I’m slowly working my way through the Telegraph’s list of London’s most unusual museums. Obviously there are some that are disappointing, some that I’m skipping over (Dentistry Museum) and some, such as the Scotland Yard Crime Museum, that aren’t even open to the public which is incredibly frustrating!
Yesterday I visited the Old Operating Theatre by London Bridge and it was one of the most fascinating museums I have been to in London!
Admission is £6.50 but half price (£3.25) if you have a National Trust Card, which I luckily do! The Herb Garrett and theatre are located in the eaves of St. Thomas’ Church.
The original entrance to the theatre is now bricked up as it leads to another building. The only way to access the garett and the threatre now is up the bell tower stairs – a tiny, wooden spiral staircase that you have to cling to a rope while climbing up to make sure you don’t lose your footing! Everything about this museum is exciting!
The herb garrett dates back to 1703 and was used by the hospital’s apothecary to store herbs used in medecines. The herb garrett could still pass as an apothecary today with pestles and mortars scattered among pill makers and a range of different herbs – rose petals, star anise, sugar cane, belladonna and poppy seeds for opium – as well as a strange assortment of animals parts such as deer horn, snake skin and leeches. However the garrett is now also home to a fascinating collection of surgical instruments: forceps of all shapes and sizes, leech jars, scarificators, very early examples of operating tables, chloroform masks, and a nurse’s chatelaine.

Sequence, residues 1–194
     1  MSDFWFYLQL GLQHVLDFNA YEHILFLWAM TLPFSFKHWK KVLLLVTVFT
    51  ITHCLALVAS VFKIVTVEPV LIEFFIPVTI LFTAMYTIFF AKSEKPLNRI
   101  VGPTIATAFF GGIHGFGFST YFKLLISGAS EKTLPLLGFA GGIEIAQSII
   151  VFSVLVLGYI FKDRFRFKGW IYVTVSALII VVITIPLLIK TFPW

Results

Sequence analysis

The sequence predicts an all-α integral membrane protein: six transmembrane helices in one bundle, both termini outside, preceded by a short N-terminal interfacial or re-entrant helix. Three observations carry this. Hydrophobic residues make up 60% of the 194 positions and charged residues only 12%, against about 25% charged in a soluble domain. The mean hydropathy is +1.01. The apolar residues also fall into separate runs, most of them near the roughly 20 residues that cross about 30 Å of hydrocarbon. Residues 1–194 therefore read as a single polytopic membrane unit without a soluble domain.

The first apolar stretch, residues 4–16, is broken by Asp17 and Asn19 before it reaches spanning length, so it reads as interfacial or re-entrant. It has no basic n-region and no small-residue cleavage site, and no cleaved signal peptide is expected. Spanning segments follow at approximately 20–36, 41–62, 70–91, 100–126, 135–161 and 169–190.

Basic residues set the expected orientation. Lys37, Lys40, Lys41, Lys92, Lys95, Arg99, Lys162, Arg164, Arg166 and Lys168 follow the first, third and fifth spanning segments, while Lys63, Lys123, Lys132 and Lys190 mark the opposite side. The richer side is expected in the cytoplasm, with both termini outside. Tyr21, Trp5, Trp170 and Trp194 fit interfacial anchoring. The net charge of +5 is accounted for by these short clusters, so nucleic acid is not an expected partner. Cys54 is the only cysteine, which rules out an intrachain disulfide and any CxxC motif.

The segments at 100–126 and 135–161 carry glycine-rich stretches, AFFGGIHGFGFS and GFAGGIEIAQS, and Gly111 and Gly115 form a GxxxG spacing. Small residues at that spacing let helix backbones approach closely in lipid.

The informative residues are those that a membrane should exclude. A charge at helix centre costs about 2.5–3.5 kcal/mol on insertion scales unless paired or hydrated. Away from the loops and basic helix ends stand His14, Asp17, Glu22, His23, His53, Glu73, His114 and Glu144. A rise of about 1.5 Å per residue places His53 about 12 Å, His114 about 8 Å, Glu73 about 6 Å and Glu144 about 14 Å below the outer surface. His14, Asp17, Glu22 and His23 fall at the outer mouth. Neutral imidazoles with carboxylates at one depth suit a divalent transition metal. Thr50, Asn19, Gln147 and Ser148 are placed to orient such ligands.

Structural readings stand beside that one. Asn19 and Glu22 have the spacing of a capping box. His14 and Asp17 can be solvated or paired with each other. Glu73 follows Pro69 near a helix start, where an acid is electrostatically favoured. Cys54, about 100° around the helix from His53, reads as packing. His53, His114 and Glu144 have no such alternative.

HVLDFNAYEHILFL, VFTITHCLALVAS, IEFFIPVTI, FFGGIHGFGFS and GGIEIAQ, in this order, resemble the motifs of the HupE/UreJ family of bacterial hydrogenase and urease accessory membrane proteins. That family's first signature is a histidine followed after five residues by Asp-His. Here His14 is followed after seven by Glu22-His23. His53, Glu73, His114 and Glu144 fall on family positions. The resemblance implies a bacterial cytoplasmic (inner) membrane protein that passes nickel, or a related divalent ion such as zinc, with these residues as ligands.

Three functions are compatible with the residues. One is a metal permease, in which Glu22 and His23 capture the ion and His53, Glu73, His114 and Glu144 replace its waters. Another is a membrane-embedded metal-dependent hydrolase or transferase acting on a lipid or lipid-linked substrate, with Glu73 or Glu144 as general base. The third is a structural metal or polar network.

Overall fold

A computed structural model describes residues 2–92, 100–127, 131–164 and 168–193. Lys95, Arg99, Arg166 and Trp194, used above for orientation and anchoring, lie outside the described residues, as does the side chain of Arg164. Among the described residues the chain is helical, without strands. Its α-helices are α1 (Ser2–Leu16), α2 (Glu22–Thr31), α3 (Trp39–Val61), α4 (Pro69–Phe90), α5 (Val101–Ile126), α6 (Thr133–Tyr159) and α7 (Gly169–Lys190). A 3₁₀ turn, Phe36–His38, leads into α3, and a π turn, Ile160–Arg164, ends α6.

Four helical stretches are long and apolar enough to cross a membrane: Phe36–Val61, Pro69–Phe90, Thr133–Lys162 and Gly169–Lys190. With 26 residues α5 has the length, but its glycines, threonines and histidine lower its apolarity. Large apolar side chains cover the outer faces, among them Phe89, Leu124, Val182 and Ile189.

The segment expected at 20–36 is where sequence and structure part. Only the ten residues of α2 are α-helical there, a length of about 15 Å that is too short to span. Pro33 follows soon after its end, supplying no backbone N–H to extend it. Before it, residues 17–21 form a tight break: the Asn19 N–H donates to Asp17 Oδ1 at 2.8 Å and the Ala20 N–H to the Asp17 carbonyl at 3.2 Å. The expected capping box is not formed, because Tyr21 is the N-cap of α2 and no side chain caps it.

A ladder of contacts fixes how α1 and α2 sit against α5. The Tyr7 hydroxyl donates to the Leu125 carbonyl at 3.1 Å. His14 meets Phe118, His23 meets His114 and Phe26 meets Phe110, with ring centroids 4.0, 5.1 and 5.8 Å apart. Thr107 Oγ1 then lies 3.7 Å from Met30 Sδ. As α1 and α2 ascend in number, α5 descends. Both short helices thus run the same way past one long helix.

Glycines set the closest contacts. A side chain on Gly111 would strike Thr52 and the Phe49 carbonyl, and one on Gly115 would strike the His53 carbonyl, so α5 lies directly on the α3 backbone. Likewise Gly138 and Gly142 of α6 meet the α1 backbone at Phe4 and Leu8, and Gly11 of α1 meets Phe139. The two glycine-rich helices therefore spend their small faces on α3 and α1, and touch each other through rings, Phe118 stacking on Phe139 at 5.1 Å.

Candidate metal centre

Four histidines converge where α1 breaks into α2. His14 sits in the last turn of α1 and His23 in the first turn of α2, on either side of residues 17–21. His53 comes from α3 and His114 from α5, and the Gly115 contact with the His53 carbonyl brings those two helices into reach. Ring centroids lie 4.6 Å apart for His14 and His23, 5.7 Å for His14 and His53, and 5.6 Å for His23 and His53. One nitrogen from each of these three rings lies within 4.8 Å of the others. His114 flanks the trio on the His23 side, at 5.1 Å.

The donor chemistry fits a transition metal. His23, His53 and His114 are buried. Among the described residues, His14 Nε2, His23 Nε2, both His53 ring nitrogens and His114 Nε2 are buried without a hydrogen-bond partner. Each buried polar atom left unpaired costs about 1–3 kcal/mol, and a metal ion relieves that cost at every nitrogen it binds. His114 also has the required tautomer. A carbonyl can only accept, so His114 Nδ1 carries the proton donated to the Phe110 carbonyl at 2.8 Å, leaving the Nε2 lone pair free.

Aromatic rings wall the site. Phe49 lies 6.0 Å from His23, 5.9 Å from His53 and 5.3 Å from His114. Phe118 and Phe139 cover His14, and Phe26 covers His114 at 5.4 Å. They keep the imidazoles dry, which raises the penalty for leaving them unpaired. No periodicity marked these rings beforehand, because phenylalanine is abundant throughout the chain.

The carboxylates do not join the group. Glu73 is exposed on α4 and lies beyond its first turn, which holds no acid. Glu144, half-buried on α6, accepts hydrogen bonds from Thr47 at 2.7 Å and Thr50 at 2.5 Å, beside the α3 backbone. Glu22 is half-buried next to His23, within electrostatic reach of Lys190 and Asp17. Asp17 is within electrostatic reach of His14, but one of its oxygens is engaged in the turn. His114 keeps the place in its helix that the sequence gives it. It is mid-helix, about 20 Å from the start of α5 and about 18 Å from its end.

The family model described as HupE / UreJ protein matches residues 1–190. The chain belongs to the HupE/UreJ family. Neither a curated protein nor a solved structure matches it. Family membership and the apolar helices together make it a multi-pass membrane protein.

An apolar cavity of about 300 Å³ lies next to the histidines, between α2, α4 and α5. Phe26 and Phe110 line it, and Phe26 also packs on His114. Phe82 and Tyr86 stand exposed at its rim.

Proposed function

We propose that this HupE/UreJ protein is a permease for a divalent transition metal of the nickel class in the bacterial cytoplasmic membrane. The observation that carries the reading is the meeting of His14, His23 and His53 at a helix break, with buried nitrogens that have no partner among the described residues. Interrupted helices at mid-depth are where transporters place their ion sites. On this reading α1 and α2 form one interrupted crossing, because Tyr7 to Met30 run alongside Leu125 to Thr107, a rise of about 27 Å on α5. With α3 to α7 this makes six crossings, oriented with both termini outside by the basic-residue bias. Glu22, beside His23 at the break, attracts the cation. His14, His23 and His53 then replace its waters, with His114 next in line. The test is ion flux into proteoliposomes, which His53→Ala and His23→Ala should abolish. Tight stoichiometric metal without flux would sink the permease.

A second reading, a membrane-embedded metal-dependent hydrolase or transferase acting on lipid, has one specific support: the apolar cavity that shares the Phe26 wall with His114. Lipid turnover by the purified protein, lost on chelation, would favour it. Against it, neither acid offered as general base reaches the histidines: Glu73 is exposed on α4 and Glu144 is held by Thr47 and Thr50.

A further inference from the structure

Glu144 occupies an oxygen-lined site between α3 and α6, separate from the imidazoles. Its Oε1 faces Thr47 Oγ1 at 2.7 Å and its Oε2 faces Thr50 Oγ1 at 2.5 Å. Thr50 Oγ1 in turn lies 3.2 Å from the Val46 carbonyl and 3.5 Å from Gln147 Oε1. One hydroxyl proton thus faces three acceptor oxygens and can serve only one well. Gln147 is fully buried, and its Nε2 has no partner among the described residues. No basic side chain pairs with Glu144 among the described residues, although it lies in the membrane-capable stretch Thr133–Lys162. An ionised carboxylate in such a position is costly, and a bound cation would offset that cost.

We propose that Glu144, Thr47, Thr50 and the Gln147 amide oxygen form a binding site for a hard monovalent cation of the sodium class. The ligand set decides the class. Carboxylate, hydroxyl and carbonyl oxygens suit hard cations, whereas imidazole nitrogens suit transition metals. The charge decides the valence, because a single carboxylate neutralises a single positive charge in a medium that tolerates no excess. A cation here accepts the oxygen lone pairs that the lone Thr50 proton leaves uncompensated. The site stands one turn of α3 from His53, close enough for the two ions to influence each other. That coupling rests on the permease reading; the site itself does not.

Operations on women were previously conducted in the ward which was very limiting and also caused much distress; the Operating Theatre was built in 1822 as a remedy. Part of the herb garrett was converted into a teaching theatre and a skylight was built to further specialise the space. This was before surgeons had access to anaesthetics and depended instead on swift techniques and opiates such as alcohol to numb the patients senses, which meant that internal surgeries were limited. However surgeons could perform amputation, lithotomy and trephination. Although a skilled surgeon could perform an amputation in under a minute, young doctors would sometimes hack at bloody, mangled limbs for much longer. Antiseptic procedures were introduced in 1865, after the operating theatre was closed.
When the operating theatre was installed in 1822, new floorboards were laid over the earlier 1703 floor. Between the two floors is a space about 7cm deep packed with sawdust, preventing blood from seeping through to the church ceiling below.
I have promoted the Old Operating to one of my favourite museums in London and I would strongly recommend everyone to stop by. I suppose it does help that I am fasinated by medicine, diseases and surgeries! If I had to pick the one thing I learned that most tickled me, it would be the fact that the surgeons would perform the surgeries wearing frock coats and sometimes even top hats. Neither of these were ever washed and were described as ‘stiff and stinking with pus and blood’. Delightful!